Entertainment :: Movies

Drug War

by Jake Mulligan
Contributor
Friday Jul 26, 2013
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A scen from ’Drug War’
A scen from ’Drug War’  

"Drug War" opens up with a shot of smog hanging over mainland China. Before long we’ve met Tommy Choi (Louis Koo), a high-level drug smuggler, and Captain Zhang, the cop who busted him -- and who now runs him as an undercover. Over the course of the next 100 minutes, the former will drag the latter through the increasingly intricate web of the drug trade: From the crew of deaf men and women who helped him efficiently cook up tons of amphetamines, to the crooks who helped him sell it, to the criminal godfathers of Hong Kong who would collect the profits.

Johnnie To directed the movie. He’s the best filmmaker working today whom you’ve never heard of. Recently, he’s begun the move from Hong Kong to mainland China, which is what makes "Drug War" all the more incredible. This kind of bullets-and-bloodshed action is commonplace in Hong Kong, but in China, it has to be worked around strenuous censors, watching for transgressions both ’moral’ and political. So To’s film, technically, can’t question the moral fiber of the police, nor can it question the veracity of strict laws that send a man to death for a drug offense. But the multilayered meaning of the title alone should be enough to tell you that he does those things anyway.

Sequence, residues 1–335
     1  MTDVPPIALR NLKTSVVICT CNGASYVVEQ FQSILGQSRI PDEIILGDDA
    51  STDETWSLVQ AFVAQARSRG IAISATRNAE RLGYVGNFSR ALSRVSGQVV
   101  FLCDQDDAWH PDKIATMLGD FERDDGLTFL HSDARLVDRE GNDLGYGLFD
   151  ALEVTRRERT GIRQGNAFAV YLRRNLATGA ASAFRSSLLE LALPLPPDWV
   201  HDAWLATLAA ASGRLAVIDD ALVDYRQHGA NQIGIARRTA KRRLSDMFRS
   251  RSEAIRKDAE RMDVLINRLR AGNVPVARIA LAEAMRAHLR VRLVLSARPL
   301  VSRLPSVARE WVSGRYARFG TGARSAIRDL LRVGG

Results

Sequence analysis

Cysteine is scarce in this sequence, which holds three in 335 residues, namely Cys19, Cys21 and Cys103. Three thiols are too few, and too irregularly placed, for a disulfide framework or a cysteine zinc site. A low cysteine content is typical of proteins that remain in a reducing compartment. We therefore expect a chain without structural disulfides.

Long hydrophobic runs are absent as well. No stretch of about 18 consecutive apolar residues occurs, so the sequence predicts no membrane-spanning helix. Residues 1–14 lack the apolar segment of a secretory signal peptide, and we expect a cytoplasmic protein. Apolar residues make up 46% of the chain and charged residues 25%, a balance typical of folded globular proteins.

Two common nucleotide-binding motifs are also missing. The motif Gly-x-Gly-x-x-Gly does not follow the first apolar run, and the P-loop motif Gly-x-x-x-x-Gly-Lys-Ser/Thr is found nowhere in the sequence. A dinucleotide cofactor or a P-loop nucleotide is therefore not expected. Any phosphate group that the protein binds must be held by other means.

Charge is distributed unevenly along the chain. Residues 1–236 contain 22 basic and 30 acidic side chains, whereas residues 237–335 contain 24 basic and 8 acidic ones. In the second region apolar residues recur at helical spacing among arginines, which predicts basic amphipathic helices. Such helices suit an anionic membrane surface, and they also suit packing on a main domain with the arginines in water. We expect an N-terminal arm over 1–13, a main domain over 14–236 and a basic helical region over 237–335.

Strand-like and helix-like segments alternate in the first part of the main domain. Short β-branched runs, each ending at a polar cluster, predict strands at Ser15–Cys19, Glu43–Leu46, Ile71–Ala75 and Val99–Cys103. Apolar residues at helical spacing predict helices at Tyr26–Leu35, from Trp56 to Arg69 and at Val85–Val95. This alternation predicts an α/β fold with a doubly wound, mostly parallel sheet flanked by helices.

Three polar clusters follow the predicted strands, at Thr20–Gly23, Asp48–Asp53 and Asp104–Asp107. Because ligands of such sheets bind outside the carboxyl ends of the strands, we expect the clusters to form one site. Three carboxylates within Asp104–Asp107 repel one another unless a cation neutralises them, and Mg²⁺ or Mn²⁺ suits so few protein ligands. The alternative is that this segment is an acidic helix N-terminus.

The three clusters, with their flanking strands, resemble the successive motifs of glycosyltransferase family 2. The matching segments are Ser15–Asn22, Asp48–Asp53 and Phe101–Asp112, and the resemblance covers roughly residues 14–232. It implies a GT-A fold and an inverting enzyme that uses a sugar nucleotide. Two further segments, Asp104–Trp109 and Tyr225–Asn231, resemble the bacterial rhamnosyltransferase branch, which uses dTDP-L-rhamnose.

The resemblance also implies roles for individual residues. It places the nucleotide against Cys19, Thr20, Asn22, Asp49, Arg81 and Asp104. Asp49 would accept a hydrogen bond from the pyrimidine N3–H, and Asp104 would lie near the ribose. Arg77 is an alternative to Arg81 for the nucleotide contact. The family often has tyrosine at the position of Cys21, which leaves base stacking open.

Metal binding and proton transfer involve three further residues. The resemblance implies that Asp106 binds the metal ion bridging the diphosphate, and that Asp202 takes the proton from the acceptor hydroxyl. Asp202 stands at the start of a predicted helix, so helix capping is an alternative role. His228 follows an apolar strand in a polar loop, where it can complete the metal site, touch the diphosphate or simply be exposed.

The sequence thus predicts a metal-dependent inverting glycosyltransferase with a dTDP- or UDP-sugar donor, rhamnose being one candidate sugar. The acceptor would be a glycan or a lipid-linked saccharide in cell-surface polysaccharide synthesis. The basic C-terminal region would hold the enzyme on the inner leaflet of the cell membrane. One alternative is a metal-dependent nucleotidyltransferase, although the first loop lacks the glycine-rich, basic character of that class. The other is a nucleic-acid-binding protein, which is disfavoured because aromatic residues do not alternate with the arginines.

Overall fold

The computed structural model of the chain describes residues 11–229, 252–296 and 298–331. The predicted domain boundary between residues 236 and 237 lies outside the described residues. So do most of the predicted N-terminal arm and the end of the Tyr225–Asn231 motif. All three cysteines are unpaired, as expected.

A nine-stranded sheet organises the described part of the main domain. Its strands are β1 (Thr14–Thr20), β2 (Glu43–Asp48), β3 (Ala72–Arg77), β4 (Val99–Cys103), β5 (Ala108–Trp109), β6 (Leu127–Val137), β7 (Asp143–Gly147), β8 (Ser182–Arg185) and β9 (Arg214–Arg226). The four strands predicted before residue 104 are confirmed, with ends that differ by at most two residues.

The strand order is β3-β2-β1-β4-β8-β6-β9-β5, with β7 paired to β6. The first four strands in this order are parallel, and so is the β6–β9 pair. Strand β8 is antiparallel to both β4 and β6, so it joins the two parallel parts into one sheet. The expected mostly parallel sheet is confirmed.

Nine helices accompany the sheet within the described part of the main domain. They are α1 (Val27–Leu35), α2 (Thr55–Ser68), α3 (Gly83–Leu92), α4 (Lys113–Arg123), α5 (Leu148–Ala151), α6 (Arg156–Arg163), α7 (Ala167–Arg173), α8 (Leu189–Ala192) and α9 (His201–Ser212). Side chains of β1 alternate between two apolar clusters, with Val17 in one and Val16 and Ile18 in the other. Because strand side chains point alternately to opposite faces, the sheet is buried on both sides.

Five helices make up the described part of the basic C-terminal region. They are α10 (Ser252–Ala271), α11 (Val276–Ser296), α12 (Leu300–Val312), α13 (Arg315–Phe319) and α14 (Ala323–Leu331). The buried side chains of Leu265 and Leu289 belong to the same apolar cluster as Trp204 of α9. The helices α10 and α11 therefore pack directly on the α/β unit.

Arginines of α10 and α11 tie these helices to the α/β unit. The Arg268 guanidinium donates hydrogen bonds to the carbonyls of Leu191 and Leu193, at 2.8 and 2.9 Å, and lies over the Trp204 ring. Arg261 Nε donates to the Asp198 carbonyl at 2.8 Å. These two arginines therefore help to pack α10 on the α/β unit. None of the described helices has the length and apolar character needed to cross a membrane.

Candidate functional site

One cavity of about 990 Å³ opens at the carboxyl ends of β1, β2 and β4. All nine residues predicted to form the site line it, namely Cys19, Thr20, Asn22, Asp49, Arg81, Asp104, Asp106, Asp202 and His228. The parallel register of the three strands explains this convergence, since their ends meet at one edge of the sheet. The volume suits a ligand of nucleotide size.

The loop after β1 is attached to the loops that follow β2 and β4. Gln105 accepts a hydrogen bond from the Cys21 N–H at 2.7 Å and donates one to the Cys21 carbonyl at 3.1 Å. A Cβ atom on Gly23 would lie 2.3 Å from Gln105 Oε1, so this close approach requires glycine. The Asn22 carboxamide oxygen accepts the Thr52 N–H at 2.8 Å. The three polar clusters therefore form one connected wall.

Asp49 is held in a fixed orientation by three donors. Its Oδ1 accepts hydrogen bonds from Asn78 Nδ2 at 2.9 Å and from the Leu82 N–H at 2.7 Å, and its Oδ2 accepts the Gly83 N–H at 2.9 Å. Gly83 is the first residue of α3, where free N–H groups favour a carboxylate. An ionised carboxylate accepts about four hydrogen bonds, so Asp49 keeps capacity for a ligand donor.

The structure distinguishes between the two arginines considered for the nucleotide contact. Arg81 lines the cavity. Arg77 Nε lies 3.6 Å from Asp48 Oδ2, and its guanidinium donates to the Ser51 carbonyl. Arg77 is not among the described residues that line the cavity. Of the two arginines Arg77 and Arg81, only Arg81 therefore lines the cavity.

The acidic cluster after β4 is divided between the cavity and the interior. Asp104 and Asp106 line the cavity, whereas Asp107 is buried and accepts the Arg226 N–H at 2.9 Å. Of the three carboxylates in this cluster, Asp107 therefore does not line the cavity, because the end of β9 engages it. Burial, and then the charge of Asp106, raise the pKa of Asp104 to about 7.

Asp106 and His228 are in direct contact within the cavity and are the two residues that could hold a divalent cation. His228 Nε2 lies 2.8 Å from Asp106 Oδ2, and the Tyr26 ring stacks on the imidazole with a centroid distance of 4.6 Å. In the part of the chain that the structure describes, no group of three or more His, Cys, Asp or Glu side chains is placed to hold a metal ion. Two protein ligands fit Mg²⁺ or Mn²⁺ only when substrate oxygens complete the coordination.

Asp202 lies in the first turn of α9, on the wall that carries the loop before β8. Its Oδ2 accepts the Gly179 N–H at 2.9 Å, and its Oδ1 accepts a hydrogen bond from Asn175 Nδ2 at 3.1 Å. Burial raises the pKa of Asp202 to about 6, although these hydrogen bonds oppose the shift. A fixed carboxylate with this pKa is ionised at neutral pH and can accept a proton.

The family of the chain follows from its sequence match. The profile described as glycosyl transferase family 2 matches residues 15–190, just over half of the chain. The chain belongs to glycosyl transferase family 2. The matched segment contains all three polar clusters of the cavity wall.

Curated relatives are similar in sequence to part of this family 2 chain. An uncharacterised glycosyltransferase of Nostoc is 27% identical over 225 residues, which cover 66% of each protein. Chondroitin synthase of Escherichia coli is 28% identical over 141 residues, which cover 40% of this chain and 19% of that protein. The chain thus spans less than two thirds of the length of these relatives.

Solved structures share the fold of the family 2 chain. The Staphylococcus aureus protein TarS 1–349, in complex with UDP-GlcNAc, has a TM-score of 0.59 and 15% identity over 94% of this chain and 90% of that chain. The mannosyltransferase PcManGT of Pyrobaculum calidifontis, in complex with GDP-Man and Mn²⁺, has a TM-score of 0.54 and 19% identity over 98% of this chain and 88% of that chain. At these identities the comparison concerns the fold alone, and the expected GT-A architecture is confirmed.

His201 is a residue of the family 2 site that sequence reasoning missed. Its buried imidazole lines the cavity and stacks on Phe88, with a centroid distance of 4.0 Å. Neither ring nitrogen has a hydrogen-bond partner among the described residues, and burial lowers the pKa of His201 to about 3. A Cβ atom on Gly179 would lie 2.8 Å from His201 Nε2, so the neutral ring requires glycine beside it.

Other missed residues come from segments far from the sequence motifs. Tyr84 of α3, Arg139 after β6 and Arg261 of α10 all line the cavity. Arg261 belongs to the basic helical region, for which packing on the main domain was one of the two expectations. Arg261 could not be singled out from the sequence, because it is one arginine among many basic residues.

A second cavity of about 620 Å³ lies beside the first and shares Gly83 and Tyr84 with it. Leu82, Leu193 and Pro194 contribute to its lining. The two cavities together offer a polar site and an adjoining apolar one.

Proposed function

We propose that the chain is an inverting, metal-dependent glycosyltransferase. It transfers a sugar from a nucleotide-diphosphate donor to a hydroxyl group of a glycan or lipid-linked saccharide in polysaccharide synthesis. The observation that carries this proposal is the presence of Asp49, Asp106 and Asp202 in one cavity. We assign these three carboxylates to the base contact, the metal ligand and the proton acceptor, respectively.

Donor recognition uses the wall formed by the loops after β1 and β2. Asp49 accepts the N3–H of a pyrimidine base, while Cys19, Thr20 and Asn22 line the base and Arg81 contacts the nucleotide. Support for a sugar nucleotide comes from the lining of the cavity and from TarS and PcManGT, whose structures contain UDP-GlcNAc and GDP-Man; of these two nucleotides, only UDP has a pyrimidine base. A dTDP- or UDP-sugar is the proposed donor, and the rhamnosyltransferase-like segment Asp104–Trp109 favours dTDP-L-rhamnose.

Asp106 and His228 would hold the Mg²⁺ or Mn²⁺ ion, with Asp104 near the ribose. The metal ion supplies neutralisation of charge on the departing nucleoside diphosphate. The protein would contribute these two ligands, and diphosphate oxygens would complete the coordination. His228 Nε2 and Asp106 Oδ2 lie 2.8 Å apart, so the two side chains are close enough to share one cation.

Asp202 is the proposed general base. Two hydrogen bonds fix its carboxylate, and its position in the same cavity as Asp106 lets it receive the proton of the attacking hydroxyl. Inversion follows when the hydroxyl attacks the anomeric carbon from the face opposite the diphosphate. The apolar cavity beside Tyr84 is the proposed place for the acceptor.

Eventually, Choi gets dragged into an undercover operation, forcing him to lead Zhang and the cops all the way to the aforementioned godfathers. Now, some directors have archetypal characters they like to play around with, but To has an archetypal team. In films such as "Exiled" and "The Mission" he’s glorified gangs of past-their-prime criminals, sprinting to their ends with guns blazing. Here, the seven crime lords fill that role. His quietly kinetic Cinemascope framing tracks the busts to an almost fetishistic detail; studying the police and the criminals through all of their ever-elaborate processes. And then it breaks down (in ways I wouldn’t dare reveal), and everyone shoots each other.

But the action takes on a sense of almost-existential despair. In those past films, To could turn his men into myths, he could make his antiheroes larger than life. Not here, not with the censors. And so they feel more like animals in a zoo, trapped by his frames, by the hypocrisies of themselves and their country, doomed to a bloody end. To’s worked around the censors by imbuing his societal criticism into the mood and tone of the piece, rather than the text. Yes, the bad guys all get wiped out, that goes without saying. But the smog isn’t going anywhere.

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